Background: Fluorodeoxyglucose positron emission tomography (FDG-PET) is sensitive for detection of neoplastic solitary pulmonary nodules but may have decreased sensitivity for detection of carcinoid tumors. Our purpose was to determine the sensitivity of FDG-PET to detect pulmonary carcinoid tumors. Methods: We performed a retrospective review of our institutional results regarding FDG-PET in the setting of thoracic carcinoid neoplasms. We identified 16 patients with a pathologic diagnosis of bronchial carcinoid who had an antecedent FDG-PET (from 2000 to 2004). All patients but one presented with pulmonary nodule(s). Results: Sixteen patients had a diagnosis of carcinoid tumor, typical in 11 patients and atypical in 5 patients. The mean greatest pathologic dimension was 2.08 cm (range, 1.0 to 8.3 cm). Overall positron emission tomography (PET) sensitivity was 75% (12 true-positive and 4 false-negative results). The mean (± SD) size of carcinoids with false-negative PET results was not significantly different from carcinoids with true-positive results (1.6 ± 0.81 cm and 2.35 ± 1.87 cm, p = 0.54). Fifteen of 16 patients were staged pathologically, and positive nodes were found in 2 of these patients. PET lymph node staging agreed with pathologic staging in one stage 4 patient with positive lymph nodes and distant metastasis, but PET results were false negative in the other patient who had N2 with micrometastatic disease; stage IIIA. Conclusions: FDG-PET imaging is useful for evaluation of typical and atypical thoracic carcinoid tumors. Although overall PET sensitivity for detection of carcinoid tumors is somewhat reduced as compared to non-small cell lung cancer, it is much higher than prior reports suggest.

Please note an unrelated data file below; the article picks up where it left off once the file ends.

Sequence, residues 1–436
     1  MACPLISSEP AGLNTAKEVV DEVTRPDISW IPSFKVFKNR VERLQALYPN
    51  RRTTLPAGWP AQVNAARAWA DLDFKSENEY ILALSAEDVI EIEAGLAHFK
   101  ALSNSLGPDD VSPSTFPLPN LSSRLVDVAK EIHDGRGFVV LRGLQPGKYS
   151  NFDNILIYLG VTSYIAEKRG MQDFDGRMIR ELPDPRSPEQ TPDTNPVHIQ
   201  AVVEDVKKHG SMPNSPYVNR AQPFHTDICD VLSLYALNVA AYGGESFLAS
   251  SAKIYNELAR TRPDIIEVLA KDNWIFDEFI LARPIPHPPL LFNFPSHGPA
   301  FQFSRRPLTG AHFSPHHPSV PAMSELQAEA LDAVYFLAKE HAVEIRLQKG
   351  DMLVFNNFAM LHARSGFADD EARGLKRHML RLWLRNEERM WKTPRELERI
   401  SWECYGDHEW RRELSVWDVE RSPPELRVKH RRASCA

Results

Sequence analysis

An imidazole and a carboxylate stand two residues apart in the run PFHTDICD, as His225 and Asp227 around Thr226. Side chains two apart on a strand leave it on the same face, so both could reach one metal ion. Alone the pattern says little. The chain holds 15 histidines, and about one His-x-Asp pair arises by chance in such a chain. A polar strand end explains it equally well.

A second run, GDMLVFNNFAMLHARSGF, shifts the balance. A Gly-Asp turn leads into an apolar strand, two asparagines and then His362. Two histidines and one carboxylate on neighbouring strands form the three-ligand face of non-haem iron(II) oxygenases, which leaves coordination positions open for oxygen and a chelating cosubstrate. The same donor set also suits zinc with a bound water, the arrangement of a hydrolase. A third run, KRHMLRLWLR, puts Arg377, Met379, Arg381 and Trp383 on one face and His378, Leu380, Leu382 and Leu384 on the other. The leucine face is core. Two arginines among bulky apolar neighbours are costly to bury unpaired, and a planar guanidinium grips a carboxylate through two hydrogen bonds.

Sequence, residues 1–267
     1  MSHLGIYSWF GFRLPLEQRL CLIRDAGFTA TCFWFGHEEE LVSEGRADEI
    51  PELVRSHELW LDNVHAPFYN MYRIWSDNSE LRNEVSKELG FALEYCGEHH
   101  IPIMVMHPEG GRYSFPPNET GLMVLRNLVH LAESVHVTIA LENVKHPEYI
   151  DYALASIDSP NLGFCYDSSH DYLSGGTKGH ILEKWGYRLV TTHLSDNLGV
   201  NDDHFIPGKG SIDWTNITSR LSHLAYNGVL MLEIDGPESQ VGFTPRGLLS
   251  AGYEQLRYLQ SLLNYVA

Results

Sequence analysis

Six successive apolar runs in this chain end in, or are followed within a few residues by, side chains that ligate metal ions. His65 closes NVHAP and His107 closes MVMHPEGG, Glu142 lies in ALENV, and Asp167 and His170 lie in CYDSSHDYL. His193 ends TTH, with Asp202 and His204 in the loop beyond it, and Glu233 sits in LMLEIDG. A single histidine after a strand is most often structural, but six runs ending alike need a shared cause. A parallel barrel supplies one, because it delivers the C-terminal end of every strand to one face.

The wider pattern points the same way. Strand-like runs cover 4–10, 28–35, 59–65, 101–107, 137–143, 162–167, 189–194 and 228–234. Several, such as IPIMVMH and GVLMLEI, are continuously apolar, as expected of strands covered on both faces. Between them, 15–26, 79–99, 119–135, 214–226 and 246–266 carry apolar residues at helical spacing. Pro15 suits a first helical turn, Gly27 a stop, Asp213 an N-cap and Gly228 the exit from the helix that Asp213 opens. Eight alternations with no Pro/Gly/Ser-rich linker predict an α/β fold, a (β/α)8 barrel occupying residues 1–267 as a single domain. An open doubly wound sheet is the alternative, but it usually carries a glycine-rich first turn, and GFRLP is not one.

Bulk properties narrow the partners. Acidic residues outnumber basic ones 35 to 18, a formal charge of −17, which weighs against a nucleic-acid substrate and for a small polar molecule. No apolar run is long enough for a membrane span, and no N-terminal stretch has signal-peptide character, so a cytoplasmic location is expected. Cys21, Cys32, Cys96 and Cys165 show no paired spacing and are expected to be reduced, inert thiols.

- Positron emission tomography
- Solitary pulmonary nodule
- Thoracic neoplasm
ASJC Scopus subject areas
- Pulmonary and Respiratory Medicine
- Critical Care and Intensive Care Medicine
- Cardiology and Cardiovascular Medicine